The supermon software architecture is made up of a set of servers, APIs, and Linux kernel modules. Interfaces between the servers and APIs separate the two that allows them to be independent of each other - a server can provide data to a client that does not use the provided API, and the provided API can interface to data of the proper format regardless of whether or not it comes from the Supermon servers. Similarly, the Supermon servers do not require data come from Linux or Linux kernel modules. As long as a data source presents the proper format to the Supermon servers, they can pass it up to clients with no problem. And finally, users can gain access to kernel provided monitoring data without the supermon servers or API.

Supermon servers

Supermon provides two servers that move data from the source to the consumer: mon and supermon. mon resides on the compute nodes and gathers up all available monitoring data and provides it to requestors over a TCP/IP socket. It reads data from both the kernel data sources and the MonHole.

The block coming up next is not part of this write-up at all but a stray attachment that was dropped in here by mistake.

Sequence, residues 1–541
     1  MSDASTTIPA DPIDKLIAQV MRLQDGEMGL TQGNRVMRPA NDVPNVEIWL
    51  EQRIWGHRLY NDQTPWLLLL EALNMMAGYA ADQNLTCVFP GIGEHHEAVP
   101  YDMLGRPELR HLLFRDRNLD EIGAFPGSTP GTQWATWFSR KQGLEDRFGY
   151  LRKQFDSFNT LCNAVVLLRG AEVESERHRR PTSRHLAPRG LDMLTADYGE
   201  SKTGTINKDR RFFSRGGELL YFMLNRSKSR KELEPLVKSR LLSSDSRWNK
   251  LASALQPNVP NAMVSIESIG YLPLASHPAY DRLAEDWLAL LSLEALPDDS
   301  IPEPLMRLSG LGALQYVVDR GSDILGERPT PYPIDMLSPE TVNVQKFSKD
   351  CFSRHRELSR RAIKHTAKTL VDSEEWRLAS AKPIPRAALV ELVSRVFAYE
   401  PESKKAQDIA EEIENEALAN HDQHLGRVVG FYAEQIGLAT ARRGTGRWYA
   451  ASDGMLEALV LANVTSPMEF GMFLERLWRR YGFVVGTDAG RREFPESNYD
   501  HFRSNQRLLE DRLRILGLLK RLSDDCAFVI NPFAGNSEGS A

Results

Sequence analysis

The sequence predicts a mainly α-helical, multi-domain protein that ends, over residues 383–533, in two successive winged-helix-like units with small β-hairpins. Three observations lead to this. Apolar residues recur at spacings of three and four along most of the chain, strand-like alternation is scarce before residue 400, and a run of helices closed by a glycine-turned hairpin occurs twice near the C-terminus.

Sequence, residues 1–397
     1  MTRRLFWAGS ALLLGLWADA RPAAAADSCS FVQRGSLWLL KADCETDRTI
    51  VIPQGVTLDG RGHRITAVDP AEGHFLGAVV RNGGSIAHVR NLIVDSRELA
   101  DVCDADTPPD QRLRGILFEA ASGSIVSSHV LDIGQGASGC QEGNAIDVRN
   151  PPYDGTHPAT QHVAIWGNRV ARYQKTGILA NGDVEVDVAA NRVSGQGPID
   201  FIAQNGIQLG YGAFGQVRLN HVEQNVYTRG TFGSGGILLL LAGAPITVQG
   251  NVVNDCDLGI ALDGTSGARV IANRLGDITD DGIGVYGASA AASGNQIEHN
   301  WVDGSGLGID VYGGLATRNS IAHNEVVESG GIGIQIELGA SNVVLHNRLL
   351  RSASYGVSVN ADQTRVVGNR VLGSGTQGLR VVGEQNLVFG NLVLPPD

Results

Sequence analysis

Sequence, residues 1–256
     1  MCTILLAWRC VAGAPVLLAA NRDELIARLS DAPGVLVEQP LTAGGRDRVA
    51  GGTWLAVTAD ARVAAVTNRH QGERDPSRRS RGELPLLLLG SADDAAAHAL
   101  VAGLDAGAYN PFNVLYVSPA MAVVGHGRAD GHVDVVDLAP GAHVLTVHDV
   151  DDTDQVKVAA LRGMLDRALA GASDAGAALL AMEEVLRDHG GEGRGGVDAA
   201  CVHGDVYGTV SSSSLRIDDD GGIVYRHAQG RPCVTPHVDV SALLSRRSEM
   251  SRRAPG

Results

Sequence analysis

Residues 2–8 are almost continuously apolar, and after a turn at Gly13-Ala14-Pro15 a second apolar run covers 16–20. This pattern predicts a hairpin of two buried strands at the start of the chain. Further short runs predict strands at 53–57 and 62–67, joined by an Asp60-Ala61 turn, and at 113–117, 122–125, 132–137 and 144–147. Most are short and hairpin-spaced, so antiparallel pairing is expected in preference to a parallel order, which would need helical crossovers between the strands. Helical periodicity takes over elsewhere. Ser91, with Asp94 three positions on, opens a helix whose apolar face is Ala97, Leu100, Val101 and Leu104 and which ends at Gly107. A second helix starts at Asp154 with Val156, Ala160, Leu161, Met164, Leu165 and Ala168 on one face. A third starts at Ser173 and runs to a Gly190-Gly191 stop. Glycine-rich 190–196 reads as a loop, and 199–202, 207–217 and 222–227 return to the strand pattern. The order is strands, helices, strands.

Figure 1: mon, supermon kernel modules, and monhole data source on a compute node.

supermon acts as a data concentrator, gathering data from mon and other supermon sources, composing them together, and passing up a single data sample representing their composition. (See DataProtocol for explanation of composability). The fact that the protocol read by supermon is the same as the one provided by supermon allows hierarchical structures to be created where leaf nodes are mon servers, and interior nodes (including the tree root) are supermon servers.


Figure 2: supermon data concentrators connected to mon and other supermon sources.

Finally, a client connects to the socket and uses the programming API (or some other method to parse the data) to initiate and read samples.

Note that both supermon and mon provide data on TCP/IP port 2709. This port is officially registered as owned by Supermon with ICANN.

Data API

Given the above architecture, data can be transported from sources to a single point at which clients can retrieve the aggregation of all source samples as a single large sample. A sample may look something like:

(some s-expression
(will go here)

If one writes a simple client in LISP, it no API is required as intrinsics in the language make working with s-expressions trivial. An example LISP client is shown on the ExampleClients page.


Updated 08-13-2008